Did you have any design inspiration for the interiors of the pods? And how long did it take to fully design, build and furnish the whole lodge?

The interior of the cocoons evokes traditional leather and brass safari elements with a steampunk Jules Verne look; a feeling like one is in a vintage train carriage. The large sloping glass facades were specially made, some overlook private plunge pools. It took us three years to realize our mad dream.



How does the lodge encapsulate the essence of Sri Lanka?  

Wild Coast was largely a local community project. We trained local fishermen from the nearby Kirinda village to erect the bamboo structures. They originated from Java in Indonesia, brought by the British to work the nearby salt pans. Our cuisine highlights their lost “heritage” dishes. We use local cinnamon and tea in our spa treatments.


What is the number one reason people come to Sri Lanka, and specifically, to Wild Coast Tented Lodge?

Sri Lanka is one of the safest countries to visit, tourists are welcomed with a natural warmth. It is about six countries in one — within a short distance topography and climate changes with beautiful vistas around every corner. Wild Coast Tented Lodge is in the south east “dry zone” with brush jungle vegetation and a rugged coast line, with the highest density of leopards in the world.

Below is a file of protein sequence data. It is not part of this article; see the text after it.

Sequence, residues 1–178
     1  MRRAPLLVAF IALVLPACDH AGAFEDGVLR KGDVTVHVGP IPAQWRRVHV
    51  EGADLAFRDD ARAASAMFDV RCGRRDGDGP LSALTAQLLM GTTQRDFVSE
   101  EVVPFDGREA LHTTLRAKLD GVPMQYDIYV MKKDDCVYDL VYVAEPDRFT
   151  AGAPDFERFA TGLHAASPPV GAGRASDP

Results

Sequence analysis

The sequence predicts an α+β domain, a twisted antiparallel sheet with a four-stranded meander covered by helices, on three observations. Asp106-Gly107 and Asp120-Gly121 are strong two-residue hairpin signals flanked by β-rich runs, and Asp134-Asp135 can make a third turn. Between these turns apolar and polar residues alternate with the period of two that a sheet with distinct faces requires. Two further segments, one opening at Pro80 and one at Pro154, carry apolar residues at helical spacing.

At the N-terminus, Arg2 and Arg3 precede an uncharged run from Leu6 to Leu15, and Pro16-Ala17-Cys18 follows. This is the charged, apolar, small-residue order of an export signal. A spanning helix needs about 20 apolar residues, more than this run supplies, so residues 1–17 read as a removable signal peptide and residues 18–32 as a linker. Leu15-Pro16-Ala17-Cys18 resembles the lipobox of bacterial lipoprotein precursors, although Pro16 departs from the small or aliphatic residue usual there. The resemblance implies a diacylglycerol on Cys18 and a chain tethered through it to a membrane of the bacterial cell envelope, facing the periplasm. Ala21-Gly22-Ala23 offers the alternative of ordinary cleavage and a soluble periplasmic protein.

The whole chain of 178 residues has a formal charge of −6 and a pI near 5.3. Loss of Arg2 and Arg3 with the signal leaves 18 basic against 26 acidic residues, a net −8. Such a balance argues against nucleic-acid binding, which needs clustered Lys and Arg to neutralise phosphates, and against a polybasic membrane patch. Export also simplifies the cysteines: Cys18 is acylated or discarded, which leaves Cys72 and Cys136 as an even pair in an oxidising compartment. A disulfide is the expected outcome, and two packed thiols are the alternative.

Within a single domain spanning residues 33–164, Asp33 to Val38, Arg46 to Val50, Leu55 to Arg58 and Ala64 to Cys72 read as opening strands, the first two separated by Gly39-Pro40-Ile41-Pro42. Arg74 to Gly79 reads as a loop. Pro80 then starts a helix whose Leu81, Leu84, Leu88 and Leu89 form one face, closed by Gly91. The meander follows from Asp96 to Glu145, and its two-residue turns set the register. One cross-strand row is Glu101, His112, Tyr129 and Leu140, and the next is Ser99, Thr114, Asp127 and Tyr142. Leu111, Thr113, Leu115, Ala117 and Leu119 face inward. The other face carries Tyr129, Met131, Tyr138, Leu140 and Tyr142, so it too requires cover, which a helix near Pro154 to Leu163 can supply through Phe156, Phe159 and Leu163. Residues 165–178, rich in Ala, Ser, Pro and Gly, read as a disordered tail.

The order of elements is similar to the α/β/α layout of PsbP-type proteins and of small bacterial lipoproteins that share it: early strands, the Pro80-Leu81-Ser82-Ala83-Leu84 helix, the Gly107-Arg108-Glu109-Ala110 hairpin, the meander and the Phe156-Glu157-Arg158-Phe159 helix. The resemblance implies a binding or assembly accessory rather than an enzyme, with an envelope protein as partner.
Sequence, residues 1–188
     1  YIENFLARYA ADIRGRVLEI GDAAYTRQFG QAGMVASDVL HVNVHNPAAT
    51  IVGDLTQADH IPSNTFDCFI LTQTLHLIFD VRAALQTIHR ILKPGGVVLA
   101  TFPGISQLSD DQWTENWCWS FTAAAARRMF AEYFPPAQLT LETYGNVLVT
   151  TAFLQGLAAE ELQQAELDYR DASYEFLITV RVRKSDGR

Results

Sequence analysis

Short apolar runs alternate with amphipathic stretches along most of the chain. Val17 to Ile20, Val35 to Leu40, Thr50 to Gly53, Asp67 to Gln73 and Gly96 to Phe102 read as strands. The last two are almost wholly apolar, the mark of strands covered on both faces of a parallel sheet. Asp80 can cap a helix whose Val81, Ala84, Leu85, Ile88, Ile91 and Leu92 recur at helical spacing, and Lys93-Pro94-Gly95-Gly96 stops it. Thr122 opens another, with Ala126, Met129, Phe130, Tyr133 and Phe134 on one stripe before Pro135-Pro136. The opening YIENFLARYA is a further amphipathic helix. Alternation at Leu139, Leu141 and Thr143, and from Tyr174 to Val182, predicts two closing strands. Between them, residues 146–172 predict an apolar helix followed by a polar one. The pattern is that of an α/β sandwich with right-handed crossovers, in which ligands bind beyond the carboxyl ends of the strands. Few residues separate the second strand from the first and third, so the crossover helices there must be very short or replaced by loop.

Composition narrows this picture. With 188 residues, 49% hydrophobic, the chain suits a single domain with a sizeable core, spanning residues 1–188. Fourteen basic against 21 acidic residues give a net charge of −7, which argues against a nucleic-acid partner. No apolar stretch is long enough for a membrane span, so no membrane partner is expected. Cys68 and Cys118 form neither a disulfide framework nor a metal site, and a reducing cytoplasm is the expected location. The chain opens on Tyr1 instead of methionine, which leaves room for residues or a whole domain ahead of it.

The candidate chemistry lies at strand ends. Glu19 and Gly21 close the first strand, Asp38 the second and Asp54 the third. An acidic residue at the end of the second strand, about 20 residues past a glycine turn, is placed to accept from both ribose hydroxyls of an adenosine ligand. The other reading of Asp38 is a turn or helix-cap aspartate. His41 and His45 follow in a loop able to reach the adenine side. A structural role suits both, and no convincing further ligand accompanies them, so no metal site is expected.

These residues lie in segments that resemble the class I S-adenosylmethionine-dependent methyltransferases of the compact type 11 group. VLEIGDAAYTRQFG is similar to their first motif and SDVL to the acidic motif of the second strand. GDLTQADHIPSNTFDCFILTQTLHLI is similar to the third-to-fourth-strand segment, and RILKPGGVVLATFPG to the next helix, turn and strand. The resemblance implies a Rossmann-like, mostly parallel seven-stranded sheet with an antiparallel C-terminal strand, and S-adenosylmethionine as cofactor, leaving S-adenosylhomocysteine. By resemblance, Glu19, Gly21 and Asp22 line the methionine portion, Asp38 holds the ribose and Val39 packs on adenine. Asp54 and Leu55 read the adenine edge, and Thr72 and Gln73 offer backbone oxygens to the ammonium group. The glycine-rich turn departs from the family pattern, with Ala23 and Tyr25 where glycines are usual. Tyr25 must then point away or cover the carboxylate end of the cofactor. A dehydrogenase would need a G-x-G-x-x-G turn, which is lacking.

Photo by Chitral Jayatillake


Of course it varies from guest to guest, but in general, what may a typical day look like for guests at Wild Coast Tented Lodge?

Start the day with sunrise Yoga on the beach, or perhaps a nature walk with one of our rangers, followed by a classic Sri Lankan “Egg Hopper” breakfast in our bamboo dining pavilion. Perhaps a late morning visit to the nearby Buddhist rock temple with panoramic views of the park. The infinity edged swimming pool overlooking the beach is always popular. If you’ve enjoyed a game drive in the morning, a treatment in our Sanctuary Spa would be welcome relaxation. Lunch offer a selection of classic Sri Lankan dishes and international favorites with a Sri Lankan touch. An afternoon game drive could take you to more distant parts of the park, ending with sundowners on the beach, accompanied by spicy Sri Lankan “bites.” After a gourmet dinner, our bamboo clad bar is a lovely spot for a digestif. We have movie nights on the large outdoor screen with wildlife documentaries and movie classics. There is also a lovely dome shaped library to do a bit of work or catch the news.


Are there any places, sights or activities that you would recommend for a first time visitor to Sri Lanka?

Visit the ruined cities and ancient culture of north central Sri Lanka, then the beautiful central Ceylon tea country; spending a day enroute in Kandy, then depending on season, the South Coast with its lovely boutique villas and pristine beaches or the East Coast beaches. And of course safari at Wild Coast Tented Lodge.


Source: Electrify Mag